Turkish President Recep Erdogan met with Pope Francis on Monday to discuss the “rising Islamophobia and cultural racism in the West,” Turkish media report.
Pope Francis and Erdogan agreed on “joint efforts against Islamophobia,” Turkey’s state-run news agency Anadolu claimed. Both leaders also concurred that “equating Islam with terror [was] wrong,” Turkish news agency added.
“We will discuss Palestine, Jerusalem, Syria, Iraq, the fight against terrorism, the problems of refugees, humanitarian aid and the fight against rising Islamophobia and cultural racism in the West,” Erdogan told reporters on Sunday before heading for Rome, the first Vatican visit by a Turkish President in nearly 60 years.
Erdogan, an ardent Islamist, is also leading a diplomatic campaign to challenge U.S. President Trump’s decision to formally recognize Jerusalem as the capital of Israel. Erdogan sought papal support for his efforts during the visit.
“The Turkish president has found common ground with the Vatican on the status of Jerusalem after the US recognized the city as Israel's capital,” wrote the German public broadcaster Deutsche Welle while covering Erdogan’s visit:
Turkish President Recep Tayyip Erdogan met with Pope Francis on Monday, the first Vatican visit by a Turkish head of state since 1959.
Despite previous clashes, the two leaders found common ground on Jerusalem after the US unilaterally recognized the city as the capital of Israel.
"The status of Jerusalem is a central issue for both Muslims and Christians; both the pope and myself are committed to protecting the status quo," said Erdogan in an interview published by Italian newspaper La Stampa on Sunday.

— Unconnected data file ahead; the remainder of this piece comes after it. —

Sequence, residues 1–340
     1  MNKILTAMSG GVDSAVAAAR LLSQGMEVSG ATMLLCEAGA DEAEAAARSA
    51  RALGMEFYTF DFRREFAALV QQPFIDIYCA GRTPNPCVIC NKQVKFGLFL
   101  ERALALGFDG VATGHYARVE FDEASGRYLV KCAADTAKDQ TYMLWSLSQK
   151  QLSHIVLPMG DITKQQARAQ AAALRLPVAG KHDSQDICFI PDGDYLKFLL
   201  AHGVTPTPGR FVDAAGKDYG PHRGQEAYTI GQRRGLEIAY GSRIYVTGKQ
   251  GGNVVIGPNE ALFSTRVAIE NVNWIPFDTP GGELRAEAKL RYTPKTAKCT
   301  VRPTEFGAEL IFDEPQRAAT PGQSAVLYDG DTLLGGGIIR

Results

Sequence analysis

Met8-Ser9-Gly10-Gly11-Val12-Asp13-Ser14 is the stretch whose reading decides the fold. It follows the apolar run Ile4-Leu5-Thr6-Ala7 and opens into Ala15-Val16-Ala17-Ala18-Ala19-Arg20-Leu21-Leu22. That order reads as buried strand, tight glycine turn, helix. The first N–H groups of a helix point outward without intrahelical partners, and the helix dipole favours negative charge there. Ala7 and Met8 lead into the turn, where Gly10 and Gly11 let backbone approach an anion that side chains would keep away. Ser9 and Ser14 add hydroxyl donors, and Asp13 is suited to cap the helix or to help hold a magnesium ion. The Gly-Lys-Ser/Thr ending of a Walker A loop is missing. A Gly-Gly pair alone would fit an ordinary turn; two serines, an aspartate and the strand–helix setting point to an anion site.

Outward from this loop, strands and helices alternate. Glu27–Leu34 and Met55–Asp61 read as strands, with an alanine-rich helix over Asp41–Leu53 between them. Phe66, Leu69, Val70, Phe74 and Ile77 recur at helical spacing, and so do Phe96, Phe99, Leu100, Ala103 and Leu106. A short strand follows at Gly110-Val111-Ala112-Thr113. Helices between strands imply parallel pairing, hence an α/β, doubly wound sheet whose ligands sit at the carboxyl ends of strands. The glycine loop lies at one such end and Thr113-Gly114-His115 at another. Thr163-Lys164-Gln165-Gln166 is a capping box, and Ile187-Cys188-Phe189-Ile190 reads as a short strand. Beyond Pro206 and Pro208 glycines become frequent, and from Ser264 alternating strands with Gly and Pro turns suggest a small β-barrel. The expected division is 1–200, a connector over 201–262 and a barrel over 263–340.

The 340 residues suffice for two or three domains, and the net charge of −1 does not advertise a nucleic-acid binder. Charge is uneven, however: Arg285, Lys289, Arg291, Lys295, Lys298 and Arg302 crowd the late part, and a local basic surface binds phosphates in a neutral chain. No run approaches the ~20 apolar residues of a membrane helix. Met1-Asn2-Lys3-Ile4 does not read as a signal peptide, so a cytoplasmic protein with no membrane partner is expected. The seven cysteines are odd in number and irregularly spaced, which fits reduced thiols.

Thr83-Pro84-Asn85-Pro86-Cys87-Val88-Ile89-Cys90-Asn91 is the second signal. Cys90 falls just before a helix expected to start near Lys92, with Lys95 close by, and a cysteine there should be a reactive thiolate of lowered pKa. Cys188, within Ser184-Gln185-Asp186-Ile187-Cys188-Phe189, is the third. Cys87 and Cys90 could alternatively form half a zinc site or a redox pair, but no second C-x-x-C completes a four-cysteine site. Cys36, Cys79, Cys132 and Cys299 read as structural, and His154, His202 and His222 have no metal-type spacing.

"No nation in the world has a right to take unilateral steps on a city which is dear to billions of people, ignoring international laws."
Pope Francis and Erdogan were also expected to discuss terrorism, the migration crisis and Syria, where Turkey last month launched an offensive against Kurdish forces in Afrin near the Turkish border. (…)
On Sunday, Erdogan criticized European leaders for blocking Turkey's attempt to join the EU. The Turkish president's office also said Erdogan would discuss Islamophobia with the pope.
Turkey underwent a process of secularization in the early part of the nineteenth century under the rule of Mustafa Kemal Atatürk, the founder of the modern state of Turkey. The Muslim-majority country is now witnessing rapid Islamization since Erdogan and his pro-Islamic Justice and Development Party (AKP) took power fifteen years ago.
While complaining about the factious ‘rise of Islamophobia’ and ‘cultural racism’ in Europe, the continent that accepted millions of migrants from Arab and Muslim countries since the Migrant Crisis began in 2015, Turkey’s Erdogan forgets his own dismal record when it comes to dealing with Christians and other minorities in his country. The Erdogan regime has a history of seizing historic Christian churches and turning them into mosques or declaring them ‘state property.’ The country’s Sharia-inspired laws prohibit construction of new churches. The Orthodox Church, for example, is forbidden from training new priests. Turkey, once a cradle of early Christianity, has been almost entirely Islamized after five centuries of Islamic conquest and rule.
Erdogan, apparently, has similar plan for Europe. Turks “are the future of Europe,” Erdogan said at a rally in March 2017. “I am calling out to my citizens, my brothers and sisters in Europe. Have not just three but five children.”
It would be far more prudent for the Vatican to defend Christian Europe against the threat posed by Islamists like Erdogan than to support the latter's agenda through “joint efforts against Islamophobia.”